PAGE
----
Denver-based industrial duo Echo Beds began as a one-off live set played in a local warehouse in 2010. Sensing immediately that they’d only scratched the surface of their potential, the duo (comprised of Keith Curtis and Tom Nelsen) began experimenting with hand-built instruments and manufactured sounds—such as recordings of broken glass and a metal filing cabinet—in order to explore and interpret the sounds of industry as a sonic landscape.
Their forthcoming sophomore full-length album, ‘Buried Language’ – due out August 17th on The Flenser – should be viewed as a kind of exorcism steeped in metaphor and brimming with social commentary. The album title references widespread overnight evictions and boarded-up rehearsal spaces/ DIY venues across the country; it deals with a lack of transparency, and is the culmination of all the heartbreak, frustration, grief and rage and the cyclical nature of DIY space closures. Left to our own devices, we start over in a new underground.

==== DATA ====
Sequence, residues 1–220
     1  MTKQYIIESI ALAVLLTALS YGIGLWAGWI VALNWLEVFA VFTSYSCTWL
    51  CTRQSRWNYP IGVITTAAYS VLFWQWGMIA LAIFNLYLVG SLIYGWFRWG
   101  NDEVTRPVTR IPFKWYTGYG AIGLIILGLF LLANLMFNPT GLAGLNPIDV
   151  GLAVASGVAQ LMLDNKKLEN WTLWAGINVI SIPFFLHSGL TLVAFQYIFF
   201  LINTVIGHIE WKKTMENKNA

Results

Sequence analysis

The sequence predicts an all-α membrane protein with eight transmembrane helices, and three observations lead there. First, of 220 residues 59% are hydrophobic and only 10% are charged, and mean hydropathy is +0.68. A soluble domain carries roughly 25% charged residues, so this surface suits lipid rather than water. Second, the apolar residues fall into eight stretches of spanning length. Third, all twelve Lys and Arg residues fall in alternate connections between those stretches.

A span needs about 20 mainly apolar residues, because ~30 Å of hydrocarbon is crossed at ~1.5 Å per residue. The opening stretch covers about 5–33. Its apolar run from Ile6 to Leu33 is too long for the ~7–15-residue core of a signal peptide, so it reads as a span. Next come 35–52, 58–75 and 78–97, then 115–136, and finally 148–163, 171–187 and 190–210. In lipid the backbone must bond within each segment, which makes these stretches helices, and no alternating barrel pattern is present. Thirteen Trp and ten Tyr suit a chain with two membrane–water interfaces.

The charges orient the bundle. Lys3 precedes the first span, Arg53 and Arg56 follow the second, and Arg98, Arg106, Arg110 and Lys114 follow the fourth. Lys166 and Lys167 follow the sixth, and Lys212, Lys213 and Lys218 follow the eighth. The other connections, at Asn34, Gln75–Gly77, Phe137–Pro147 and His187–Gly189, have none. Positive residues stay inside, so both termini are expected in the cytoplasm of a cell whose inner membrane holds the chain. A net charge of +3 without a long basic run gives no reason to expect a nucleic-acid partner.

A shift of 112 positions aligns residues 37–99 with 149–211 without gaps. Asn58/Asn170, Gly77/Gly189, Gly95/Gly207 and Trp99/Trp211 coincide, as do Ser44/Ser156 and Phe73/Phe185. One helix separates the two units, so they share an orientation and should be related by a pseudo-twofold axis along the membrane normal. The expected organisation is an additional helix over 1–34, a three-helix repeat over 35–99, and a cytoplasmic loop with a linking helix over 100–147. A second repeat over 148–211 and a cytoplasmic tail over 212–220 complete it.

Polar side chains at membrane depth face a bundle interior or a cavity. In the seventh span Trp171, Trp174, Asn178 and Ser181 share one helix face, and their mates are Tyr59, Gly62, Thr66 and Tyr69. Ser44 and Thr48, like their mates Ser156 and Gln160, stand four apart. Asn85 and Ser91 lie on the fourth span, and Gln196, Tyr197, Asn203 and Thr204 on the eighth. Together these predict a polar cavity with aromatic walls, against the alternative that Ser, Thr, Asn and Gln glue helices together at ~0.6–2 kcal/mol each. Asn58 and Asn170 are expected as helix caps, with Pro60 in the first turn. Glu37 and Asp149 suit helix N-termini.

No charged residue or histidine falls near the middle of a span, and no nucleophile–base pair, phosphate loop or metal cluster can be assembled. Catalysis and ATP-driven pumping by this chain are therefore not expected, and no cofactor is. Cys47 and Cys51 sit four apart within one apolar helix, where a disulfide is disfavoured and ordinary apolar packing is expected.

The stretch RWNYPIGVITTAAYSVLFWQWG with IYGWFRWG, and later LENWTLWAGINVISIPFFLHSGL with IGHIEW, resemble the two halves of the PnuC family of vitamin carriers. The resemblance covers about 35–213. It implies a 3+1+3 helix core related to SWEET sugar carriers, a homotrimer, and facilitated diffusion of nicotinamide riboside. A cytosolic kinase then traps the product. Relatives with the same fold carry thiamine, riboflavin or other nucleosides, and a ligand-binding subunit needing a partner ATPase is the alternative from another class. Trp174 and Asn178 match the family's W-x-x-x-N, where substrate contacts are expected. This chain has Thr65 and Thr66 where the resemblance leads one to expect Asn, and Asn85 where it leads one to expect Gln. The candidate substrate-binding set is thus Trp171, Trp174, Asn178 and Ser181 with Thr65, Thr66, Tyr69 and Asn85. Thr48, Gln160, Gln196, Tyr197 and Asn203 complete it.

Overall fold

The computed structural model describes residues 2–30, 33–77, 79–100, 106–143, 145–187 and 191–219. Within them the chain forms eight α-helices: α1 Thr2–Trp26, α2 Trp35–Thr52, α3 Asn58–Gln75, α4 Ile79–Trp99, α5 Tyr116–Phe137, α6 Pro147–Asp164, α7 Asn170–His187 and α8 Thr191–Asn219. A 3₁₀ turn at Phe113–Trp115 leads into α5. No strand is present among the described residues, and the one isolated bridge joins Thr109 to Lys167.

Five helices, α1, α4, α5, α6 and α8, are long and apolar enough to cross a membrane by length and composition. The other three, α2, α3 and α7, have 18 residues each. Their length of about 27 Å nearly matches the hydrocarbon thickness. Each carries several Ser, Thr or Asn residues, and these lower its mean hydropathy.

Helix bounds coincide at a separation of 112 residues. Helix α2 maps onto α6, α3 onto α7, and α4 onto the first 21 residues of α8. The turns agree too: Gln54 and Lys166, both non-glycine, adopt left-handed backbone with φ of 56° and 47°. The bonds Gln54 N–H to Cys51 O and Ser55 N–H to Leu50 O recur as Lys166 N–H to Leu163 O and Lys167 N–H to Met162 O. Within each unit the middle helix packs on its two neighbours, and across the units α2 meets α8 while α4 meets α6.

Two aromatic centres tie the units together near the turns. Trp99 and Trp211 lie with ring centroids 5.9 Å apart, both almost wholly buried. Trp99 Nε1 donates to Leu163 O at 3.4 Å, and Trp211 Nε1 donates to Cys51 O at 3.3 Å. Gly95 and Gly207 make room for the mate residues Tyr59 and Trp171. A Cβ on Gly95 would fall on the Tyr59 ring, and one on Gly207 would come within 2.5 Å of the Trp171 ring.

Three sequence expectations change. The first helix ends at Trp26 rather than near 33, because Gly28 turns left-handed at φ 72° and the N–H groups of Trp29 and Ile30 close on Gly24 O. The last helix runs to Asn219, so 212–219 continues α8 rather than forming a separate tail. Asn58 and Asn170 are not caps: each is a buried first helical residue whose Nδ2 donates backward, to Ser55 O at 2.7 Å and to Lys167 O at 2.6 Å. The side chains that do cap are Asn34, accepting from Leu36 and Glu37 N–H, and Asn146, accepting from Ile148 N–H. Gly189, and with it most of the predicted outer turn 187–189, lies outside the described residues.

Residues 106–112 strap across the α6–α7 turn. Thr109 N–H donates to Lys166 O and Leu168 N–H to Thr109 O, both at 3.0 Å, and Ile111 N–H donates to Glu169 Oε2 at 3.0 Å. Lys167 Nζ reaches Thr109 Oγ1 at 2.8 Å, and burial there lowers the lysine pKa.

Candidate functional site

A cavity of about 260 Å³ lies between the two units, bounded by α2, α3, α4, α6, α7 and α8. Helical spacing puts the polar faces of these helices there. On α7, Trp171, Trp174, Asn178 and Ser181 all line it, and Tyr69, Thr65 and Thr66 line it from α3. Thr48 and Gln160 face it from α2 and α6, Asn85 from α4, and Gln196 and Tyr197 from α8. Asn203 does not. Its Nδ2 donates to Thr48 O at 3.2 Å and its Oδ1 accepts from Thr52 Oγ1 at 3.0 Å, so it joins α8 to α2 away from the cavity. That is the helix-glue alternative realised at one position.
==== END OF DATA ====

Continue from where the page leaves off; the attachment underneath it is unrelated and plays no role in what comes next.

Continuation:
This inspiration stemmed from incidents in December of 2016, when Echo Beds suddenly found themselves locked out of their rehearsal space. Their gear was being held hostage as city officials all over the country cracked down on unsanctioned artist collectives and the various DIY structures where many outsider creators lived and worked. This weighed heavily on the duo, who spent the next 8 months experimenting and writing the material what would become ‘Buried Language’ in their living rooms. Deprived of their usual tools, Echo Beds was forced to improvise using unfamiliar electronics and various cobbled together devices in order to flesh out the embryonic ideas. With the plight of their colleagues fresh in their minds, these new working conditions served to shape the industrial landscape of ‘Buried Language’.
PRE-ORDER ‘BURIED LANGUAGE’ VIA THE FLENSER HERE!